The CJEU's decision on tax deferral on asset transfers could have implications for similar regimes in other EU Member States.
Section 6 b Income Tax Act exempts the capital gain from the sale of a fixed asset, provided the gain is re-invested in a replacement asset, so-called roll-over relief. This replacement asset has to be located in a German operation. Such tax deferral is beneficial and preserves liquidity in situations in which the taxable capital gain cannot be set off against loss carry-forwards and/or current losses of the taxpayer. The roll-over relief is only applicable if in particular (i) the taxpayer owned the sold fixed asset for at least six years; (ii) the sold fixed asset was attributable to a German fixed place of business for that period; (iii) the replacement asset purchased by the taxpayer is also attributable to a German fixed place of business; and (iv) the replacement purchase is made within four years after the sale. The question was raised – and adjudicated by the European court of justice ("ECJ") – whether the disqualification of a re-investment in an asset attributable to an operation located outside of Germany, but in the EU, would violate the freedom of establishment.
The operation of this deferral provision has the effect that the tax on a capital gain is no longer “frontloaded”, but taken into account indirectly through a lower tax base in the replacement asset. The business is thus saved from having to pay tax upfront on a realised capital gain at the expense of its liquidity. It follows that the tax benefit available under this deferral provision can have a substantial impact on the return on investment expected from the re-investment, whether it takes place domestically or abroad. The ECJ reiterated that the freedom of establishment also applies to the transfer of activities from one member state to another. Absent the availability of the deferral, the investment in a replacement asset outside of Germany triggers tax payable immediately. This presents a substantial liquidity detriment when compared to a re-investment within Germany and this detriment violates the freedom of establishment.
In line with prior case law (National Grid Indus), the ECJ held that a re-investment in another EU country does not imply that Germany would have to relinquish its taxes on the original capital gain. Instead of requiring the immediate payment of taxes on the original capital gain, the taxpayer could be offered the alternative of staying the payment of taxes until the sale of the replacement asset while tax authorities would keep track of the stay in Germany. The ECJ also did not accept that the coherence of national tax systems would justify the disallowance of a qualifying cross-border re-investment. The purpose of the deferral could still be seen as supporting the enterprise and its activities in Germany even if the re-investment took place in an operation of the same enterprise in the EU.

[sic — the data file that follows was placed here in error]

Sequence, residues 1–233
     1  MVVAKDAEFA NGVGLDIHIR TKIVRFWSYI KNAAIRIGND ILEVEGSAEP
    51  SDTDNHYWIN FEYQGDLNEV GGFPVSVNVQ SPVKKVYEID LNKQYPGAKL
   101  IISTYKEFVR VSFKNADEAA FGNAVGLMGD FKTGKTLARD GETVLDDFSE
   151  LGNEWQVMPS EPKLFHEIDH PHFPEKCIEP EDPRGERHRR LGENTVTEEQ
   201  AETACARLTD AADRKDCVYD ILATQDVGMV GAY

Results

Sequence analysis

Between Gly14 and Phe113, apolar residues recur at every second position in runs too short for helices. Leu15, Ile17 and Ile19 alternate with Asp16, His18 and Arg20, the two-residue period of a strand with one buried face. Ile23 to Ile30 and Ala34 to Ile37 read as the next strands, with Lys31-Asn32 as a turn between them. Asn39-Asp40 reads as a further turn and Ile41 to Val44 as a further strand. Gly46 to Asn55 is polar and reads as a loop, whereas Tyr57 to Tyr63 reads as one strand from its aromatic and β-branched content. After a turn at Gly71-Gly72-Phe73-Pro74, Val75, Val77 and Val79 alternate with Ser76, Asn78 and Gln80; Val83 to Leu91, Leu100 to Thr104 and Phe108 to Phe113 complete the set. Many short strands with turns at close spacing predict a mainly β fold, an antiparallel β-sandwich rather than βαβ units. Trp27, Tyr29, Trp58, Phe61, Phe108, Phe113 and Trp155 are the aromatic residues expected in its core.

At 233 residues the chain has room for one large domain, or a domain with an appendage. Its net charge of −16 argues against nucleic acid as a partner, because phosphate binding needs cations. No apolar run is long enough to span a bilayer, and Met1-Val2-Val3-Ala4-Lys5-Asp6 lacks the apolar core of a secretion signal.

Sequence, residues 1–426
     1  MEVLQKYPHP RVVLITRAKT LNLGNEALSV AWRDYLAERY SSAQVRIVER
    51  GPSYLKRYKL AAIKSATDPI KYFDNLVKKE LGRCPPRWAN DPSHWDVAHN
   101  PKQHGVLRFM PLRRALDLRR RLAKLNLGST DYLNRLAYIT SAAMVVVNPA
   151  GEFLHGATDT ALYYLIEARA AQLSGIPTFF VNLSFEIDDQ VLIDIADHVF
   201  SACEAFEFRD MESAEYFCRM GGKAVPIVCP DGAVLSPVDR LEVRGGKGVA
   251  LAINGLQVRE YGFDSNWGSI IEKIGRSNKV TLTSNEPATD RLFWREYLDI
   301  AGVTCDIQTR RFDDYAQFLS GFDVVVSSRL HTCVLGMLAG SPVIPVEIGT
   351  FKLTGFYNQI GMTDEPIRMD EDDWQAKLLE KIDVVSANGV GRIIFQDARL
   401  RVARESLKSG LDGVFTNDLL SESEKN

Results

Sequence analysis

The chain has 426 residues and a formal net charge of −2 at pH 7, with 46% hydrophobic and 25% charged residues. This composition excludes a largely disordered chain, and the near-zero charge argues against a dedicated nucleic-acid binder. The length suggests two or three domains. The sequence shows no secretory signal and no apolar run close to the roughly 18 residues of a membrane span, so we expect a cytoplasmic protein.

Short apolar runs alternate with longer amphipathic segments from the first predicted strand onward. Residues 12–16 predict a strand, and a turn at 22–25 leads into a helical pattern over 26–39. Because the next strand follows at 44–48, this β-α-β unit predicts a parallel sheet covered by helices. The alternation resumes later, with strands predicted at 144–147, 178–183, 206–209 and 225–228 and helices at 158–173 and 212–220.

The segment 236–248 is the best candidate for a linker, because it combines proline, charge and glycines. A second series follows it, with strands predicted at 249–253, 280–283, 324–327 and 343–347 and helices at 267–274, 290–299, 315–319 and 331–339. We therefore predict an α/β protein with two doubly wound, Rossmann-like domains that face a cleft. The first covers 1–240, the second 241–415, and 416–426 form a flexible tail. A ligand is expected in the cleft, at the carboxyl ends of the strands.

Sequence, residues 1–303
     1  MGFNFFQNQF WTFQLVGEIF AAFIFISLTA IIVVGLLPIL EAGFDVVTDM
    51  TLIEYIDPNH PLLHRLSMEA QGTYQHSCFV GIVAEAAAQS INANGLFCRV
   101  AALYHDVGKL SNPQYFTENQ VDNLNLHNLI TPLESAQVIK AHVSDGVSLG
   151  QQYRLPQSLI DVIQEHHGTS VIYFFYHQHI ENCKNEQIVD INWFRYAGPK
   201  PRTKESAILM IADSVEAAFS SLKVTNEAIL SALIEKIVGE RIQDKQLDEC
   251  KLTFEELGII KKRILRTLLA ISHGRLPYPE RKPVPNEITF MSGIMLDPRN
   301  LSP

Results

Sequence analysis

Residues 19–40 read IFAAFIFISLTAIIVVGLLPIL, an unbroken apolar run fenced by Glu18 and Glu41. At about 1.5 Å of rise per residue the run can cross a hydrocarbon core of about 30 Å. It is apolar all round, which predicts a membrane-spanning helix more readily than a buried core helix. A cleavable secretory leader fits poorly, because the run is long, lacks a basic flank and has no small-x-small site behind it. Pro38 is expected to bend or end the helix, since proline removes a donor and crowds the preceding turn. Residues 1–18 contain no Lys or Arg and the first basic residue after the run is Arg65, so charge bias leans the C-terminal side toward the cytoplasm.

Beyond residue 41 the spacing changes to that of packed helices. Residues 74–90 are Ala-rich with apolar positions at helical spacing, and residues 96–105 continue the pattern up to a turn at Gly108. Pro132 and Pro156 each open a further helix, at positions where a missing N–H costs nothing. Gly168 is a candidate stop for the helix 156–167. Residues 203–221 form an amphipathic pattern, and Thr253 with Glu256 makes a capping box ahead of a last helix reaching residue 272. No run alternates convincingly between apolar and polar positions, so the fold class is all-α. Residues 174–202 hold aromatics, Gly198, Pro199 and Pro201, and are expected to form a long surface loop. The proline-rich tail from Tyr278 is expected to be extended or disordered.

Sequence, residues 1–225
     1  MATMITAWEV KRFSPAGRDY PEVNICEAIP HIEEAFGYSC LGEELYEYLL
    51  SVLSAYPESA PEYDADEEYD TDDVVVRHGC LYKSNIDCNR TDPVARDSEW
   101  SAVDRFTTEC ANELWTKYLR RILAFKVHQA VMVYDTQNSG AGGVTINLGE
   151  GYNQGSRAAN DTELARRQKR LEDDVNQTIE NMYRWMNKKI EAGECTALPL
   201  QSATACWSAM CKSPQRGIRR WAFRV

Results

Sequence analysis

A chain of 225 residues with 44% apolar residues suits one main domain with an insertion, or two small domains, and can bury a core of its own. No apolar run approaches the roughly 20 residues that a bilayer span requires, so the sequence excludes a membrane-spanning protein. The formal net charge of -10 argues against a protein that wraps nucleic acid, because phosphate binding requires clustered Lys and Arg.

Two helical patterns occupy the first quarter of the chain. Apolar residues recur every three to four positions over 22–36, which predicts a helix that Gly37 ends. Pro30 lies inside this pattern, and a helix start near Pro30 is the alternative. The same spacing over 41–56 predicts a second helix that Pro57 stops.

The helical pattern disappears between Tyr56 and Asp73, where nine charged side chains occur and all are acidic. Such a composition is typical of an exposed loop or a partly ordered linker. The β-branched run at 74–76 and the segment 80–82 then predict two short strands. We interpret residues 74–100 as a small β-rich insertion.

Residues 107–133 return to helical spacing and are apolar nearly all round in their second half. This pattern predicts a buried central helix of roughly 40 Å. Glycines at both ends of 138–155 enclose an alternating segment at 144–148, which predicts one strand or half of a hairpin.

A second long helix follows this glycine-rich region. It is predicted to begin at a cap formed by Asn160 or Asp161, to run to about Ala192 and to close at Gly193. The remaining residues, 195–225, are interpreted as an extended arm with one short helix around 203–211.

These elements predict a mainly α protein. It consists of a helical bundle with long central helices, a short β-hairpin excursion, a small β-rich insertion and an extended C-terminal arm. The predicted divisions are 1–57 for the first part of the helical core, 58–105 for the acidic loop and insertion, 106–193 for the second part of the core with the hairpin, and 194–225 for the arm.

Germany now has the choice between accepting EU re-investments as qualifying for deferral or abolishing the deferral provision altogether. Although the present climate of maintaining high tax revenues wherever possible might lead to a complete abolition of the deferral provision, the impact on investment activities by German enterprises could be seen as so detrimental to future growth that the acceptance of EU re-investments may have a good chance of making into German law.
In any case, we recommend seeking updated tax advice if and when such transaction should be anticipated in the future since the German legislator may change the rules and/or even cancel the possibility of roll-over relief even for local re-investments.